Forum Rule: Always post complete source code & details to reproduce any issue!
Results 1 to 13 of 13

Thread: Using a Teensy 3.2 and Huzzah ESP2866; how to divide tasks?

  1. #1
    Junior Member
    Join Date
    Oct 2016
    Posts
    19

    Using a Teensy 3.2 and Huzzah ESP2866; how to divide tasks?

    I have a project where I want to use FastLED, a Teensy 3.2, an OctoWS2811 adapter and a Huzzah ESP2866 to control addressable LEDs over Wi-Fi. The LEDs will be in the form of 18 strips of 47 SK6812 LEDs which can be connected in configurations such as six sets of 141 LEDs.

    There is a guy who has done something similar using a Witty Cloud which has an ESP2866. I was hoping I could use his code which appears to be written for the Arduino Core. I'll be using a Teensy 3.2 which I think uses the Arduino Core already but the Huzzah ESP2866 uses MCU/Lua by default. Would it be easier for me to switch it to Arduino Core? Alternatively, I think it's possible to make it use something called AT commands. Alternatively, maybe the ESP2866 should be running the show and delegate tasks to the Teensy 3.2? The guy in the YouTube video says the ESP2866 can serve a webpage which is then used as the means to control the lights via phone or PC. I suppose the Teensy could host it just as well and pass the AT commands to Huzzah?

    I have no idea what I'm doing!

    Thanks for any insight.

  2. #2
    Senior Member
    Join Date
    May 2015
    Location
    San Francisco
    Posts
    155
    I've got a project that's using FastLED and Arduino on just an ESP8266 board without Teensy. Works great. I'm using the WeMos D1 Mini, but I don't see any reason why you couldn't use the Huzzah board, flashing it with an Arduino firmware image, replacing the NodeMCU/Lua firmware it comes with.

    The benefit of the WeMos D1 is that it's got the USB port built-in so you don't need to mess with a serial cable for the initial flashing.

    And if you add it to your firmware, you can do over-the-air firmware updates to the ESP8266 later on...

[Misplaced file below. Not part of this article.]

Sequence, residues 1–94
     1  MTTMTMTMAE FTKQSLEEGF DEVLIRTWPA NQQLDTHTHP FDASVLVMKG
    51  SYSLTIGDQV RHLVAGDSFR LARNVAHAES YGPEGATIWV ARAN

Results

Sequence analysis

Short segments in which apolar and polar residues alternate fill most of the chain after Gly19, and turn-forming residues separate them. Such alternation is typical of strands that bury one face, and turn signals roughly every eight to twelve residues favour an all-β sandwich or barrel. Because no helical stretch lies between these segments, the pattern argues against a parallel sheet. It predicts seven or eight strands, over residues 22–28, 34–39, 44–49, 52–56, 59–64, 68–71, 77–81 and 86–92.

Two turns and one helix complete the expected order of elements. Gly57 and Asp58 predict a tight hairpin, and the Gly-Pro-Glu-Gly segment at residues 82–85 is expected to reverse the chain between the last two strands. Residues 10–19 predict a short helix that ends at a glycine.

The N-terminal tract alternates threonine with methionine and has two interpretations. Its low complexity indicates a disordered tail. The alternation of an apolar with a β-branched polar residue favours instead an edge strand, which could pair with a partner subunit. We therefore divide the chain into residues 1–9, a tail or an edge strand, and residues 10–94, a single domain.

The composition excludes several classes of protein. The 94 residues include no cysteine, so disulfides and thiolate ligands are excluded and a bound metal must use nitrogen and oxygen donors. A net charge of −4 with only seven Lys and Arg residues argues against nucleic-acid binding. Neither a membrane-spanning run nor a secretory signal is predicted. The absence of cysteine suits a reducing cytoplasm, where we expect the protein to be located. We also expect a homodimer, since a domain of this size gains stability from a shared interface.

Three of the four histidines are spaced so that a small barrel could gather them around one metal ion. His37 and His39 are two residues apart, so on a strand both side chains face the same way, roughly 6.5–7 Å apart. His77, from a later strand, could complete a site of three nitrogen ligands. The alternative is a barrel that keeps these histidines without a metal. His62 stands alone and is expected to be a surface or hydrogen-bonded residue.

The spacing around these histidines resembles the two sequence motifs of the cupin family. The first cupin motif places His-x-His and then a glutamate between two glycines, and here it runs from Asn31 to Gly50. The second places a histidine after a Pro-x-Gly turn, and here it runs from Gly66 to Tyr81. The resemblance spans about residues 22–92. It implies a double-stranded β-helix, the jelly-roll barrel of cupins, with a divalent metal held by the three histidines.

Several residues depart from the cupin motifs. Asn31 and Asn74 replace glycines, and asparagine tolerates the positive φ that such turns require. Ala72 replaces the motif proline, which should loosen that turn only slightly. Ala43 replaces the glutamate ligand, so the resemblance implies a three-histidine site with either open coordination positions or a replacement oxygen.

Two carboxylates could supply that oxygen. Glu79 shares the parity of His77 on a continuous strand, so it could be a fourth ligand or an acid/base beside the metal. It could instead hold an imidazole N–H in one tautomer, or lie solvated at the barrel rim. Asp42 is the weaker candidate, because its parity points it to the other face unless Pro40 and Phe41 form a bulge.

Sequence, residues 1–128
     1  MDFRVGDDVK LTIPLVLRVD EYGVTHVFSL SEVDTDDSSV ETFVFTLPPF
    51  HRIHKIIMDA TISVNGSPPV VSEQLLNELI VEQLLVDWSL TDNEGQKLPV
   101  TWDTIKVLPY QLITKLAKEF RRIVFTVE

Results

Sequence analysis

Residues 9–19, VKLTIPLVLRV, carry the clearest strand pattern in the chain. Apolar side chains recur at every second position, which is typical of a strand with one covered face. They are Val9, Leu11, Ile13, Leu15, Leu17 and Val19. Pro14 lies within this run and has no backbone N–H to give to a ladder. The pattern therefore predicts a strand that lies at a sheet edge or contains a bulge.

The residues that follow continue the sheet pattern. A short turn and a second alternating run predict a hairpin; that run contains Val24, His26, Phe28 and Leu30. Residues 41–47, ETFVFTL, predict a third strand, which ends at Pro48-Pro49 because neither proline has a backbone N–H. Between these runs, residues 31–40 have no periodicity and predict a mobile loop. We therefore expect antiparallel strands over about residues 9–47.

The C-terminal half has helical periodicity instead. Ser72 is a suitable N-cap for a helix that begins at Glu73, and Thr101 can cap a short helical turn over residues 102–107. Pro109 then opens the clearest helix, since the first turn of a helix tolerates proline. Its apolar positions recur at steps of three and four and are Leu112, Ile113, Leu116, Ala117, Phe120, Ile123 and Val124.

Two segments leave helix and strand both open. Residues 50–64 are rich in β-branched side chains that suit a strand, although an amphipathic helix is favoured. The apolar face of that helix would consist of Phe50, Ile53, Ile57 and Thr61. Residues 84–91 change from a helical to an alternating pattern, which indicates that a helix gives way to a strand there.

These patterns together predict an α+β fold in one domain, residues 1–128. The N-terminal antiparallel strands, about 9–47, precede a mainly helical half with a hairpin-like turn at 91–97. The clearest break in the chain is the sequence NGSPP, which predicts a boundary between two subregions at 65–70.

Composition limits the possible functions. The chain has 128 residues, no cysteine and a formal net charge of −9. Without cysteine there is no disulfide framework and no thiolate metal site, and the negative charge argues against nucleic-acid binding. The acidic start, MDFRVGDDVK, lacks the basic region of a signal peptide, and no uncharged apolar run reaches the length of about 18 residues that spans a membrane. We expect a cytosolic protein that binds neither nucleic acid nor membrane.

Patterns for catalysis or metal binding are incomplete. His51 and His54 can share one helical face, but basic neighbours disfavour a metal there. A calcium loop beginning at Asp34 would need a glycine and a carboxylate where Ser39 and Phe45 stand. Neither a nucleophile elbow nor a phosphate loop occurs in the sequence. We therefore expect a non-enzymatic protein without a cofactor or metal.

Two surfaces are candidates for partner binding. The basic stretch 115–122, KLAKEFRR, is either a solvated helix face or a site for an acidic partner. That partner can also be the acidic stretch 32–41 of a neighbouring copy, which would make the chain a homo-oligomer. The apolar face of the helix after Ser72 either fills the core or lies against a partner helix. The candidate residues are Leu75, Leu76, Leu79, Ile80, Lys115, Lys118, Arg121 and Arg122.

3. #3
    Senior Member+ defragster's Avatar
    Join Date
    Feb 2015
    Posts
    9,700
    2nd for ESP-8266 using Arduino. Worked well as far as I went with it. I re-posted a github link to my findings again recently. Wired up Serial to ESP and used it to program them until the OTA was online - search mywebserver should find my post.

  4. #4
    Senior Member
    Join Date
    Apr 2013
    Posts
    1,899
    The gains from the Teensy are ability to throw lots of pixeles (thousands) quickly and the CPU horse power to generate patterns onboard.

    For this use case as noted above it may be possible to drive the eight hundred odd LEDs directly, and if the aim is to just stream network data the onboard processing load would be low, and keeps everything in one place.

    Possible gotcha's:
    Need to confirm the ESP board you have can actually fit ~800 pixels into RAM
    That the ESP board can reliably produce the WS2811 waveform while doing your network stuff (needing to process data in). The wavefrom is self clocking so interrupts longer than the wave form time will glitch pixels. This may be less of a problem if it works synchronously, stream in new array, then send message to update and make sure nothing goes to the ESP to distract it until the pixels are updated, either timer based or actually sending 'I'm done' responce.
    You will need a level converter, since the ESP is 3.3V